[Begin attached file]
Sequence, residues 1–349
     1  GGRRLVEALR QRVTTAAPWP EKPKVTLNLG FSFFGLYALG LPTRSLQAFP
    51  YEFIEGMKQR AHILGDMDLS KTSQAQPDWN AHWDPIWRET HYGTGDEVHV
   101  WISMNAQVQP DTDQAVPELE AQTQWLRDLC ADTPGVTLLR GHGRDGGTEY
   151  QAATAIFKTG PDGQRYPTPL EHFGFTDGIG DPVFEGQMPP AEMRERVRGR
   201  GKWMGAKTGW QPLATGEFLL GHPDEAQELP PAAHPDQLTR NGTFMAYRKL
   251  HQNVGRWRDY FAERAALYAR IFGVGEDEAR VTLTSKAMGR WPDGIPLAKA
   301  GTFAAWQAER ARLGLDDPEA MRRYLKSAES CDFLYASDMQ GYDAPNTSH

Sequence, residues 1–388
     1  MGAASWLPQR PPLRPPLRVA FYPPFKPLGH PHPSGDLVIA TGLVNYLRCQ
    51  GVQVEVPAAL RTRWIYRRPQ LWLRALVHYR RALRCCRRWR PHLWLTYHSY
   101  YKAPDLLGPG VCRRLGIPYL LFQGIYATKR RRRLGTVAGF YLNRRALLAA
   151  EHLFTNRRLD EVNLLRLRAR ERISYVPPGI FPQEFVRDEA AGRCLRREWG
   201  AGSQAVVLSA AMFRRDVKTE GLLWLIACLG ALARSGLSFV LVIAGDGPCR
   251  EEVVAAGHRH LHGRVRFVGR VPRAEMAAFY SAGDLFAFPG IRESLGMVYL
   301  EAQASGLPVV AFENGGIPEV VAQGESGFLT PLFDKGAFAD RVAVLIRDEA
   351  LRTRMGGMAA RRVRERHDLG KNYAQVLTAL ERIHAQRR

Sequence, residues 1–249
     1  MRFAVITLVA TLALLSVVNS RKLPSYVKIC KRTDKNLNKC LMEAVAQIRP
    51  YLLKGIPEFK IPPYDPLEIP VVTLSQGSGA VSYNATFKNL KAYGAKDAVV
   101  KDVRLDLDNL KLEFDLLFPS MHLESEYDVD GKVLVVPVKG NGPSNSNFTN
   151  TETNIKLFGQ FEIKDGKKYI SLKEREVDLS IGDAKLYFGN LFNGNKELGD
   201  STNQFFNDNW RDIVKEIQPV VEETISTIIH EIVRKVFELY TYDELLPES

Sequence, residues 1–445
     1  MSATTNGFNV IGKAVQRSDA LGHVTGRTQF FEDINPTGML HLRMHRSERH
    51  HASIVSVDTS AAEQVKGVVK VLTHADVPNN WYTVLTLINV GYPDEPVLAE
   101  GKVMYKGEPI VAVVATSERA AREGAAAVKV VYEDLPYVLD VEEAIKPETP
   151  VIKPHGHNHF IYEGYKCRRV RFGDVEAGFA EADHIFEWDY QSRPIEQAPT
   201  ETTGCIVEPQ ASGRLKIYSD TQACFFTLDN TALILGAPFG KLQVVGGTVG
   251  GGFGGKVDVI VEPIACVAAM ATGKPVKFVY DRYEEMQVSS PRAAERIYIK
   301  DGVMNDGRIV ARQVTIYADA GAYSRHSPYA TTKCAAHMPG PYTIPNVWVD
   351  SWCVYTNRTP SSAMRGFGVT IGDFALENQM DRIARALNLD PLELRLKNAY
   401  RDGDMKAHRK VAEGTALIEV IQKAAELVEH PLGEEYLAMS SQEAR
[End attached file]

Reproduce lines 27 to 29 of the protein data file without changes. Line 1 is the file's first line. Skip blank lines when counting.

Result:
   101  GKVMYKGEPI VAVVATSERA AREGAAAVKV VYEDLPYVLD VEEAIKPETP
   151  VIKPHGHNHF IYEGYKCRRV RFGDVEAGFA EADHIFEWDY QSRPIEQAPT
   201  ETTGCIVEPQ ASGRLKIYSD TQACFFTLDN TALILGAPFG KLQVVGGTVG